A: They would love to have the facilities to properly serve citizens — that’s what it comes down to. It’s not about expanding, it’s not about bigger government at all.
Q: How about next door, the vacant Sports Chalet store? Any thoughts on that, or what the city can do about it?
A: We’re in contact with IDS, the property owner, and it’s really up to them and being consistent with zoning. With all the work they’ve done to make that Town Center successful, they’re going to focus on having the right type of user in there that’s going to complement the other users, as opposed to a [big discount store] or something.
But it’s a big space, you’re talking 45,000 square feet, so the way retail is changing, that makes it difficult and also challenging. I’ve heard some interesting ideas, including a skating rink. They’re going to want something that’s going to be a match.
Q: There was a survey that went out a while ago about the number of waste hauler companies residents wanted in the city — what’s going on with that feedback?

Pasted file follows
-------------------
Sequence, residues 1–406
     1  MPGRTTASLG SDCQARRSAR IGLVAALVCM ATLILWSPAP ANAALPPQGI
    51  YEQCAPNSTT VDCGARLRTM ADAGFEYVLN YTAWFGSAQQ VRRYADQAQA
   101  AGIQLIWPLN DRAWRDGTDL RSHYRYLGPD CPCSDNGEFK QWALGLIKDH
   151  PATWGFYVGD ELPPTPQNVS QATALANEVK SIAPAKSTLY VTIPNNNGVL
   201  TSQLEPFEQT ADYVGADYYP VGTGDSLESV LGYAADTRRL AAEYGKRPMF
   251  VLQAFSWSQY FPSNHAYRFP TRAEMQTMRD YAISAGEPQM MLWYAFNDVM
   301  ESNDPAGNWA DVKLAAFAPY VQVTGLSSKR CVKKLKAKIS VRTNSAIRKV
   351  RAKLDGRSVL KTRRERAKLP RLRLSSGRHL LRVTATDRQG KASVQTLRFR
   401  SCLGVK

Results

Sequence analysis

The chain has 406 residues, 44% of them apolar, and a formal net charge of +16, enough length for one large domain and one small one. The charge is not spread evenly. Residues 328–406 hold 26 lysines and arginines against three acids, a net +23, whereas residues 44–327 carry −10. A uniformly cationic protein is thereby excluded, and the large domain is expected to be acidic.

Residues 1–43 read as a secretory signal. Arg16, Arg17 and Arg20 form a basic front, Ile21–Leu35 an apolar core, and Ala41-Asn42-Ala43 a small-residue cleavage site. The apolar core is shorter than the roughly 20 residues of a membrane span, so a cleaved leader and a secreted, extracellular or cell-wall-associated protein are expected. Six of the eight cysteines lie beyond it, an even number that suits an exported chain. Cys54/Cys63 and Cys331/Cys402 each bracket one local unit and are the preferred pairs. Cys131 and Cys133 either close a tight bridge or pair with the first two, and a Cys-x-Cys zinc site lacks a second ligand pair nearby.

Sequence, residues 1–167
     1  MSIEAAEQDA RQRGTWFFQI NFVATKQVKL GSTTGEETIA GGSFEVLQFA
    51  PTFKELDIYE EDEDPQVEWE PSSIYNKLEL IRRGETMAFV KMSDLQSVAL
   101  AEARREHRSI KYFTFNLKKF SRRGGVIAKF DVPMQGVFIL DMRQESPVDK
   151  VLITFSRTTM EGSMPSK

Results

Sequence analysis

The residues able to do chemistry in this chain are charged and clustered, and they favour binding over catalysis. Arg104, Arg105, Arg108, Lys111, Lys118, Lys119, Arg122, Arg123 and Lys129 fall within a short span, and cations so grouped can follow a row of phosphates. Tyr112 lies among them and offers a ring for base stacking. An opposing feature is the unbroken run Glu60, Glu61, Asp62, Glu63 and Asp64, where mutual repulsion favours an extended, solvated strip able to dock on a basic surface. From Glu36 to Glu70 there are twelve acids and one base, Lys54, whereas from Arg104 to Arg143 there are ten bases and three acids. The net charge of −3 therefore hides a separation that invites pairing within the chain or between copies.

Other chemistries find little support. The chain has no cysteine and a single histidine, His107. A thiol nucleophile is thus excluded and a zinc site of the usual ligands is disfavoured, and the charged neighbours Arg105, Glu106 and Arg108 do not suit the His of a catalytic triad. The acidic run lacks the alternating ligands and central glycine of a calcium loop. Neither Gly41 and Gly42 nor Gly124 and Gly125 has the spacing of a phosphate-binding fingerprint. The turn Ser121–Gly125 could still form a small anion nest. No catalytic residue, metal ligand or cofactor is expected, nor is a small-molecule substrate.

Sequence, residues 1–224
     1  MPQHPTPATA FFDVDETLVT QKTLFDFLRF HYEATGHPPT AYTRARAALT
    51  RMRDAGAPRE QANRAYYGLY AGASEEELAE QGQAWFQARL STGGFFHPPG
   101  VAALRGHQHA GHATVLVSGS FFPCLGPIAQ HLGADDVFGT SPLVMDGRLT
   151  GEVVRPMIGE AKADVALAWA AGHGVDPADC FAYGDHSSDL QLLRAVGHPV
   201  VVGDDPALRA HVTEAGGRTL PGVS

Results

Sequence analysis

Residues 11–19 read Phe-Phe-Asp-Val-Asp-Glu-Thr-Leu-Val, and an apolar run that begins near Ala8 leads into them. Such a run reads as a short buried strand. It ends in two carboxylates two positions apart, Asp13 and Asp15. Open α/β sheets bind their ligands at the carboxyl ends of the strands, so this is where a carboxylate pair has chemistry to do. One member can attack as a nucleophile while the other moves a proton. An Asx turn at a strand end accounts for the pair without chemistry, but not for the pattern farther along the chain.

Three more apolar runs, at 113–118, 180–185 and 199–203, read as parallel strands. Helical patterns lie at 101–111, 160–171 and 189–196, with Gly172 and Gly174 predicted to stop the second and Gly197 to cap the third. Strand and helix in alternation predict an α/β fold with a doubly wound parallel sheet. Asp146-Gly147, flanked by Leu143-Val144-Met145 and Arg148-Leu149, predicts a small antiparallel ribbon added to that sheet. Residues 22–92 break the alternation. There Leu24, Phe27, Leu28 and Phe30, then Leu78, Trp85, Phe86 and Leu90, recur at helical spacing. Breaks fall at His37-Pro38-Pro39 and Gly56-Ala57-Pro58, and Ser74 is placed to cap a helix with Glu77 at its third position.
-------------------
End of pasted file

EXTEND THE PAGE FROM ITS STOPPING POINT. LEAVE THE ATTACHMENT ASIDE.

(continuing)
A: The survey said people wanted a choice and they liked having multiple trash haulers. But there was also a very strong, vocal group that thinks we should have one waste hauler because of the [negative effects from multiple haulers] and the safety issues they present.
There’s actually a subcommittee comprised of people from public works as well as the City Council who will have that issue coming back to the city on a formal basis in the first quarter.
It’s nice to have the survey as input, but ultimately, this is why people elected the City Council, to make responsible decisions. And, given how trash is collected now, is there really a need for [three haulers]? By the way, the three companies, frankly, are very responsible and do a nice job.
Q: It seems like most cities have a single hauler, right?
A: We’re the only city in Los Angeles County that has multiple haulers.
Q: I’m sure you hear from people regarding safety issues in town?
A: People are always concerned about the public safety, and we’re constantly battling the residential burglaries. That’s probably the most disturbing, if you’ve been the victim of a residential burglary, you’ve been violated in some fashion.
So a lot of what has occurred there is to appropriate extra funds to have a special officer on it. It’s not overtime, but an officer allocated to our city — and not just on patrols, but on investigations to stop and try to minimize that. That has actually helped quite a bit.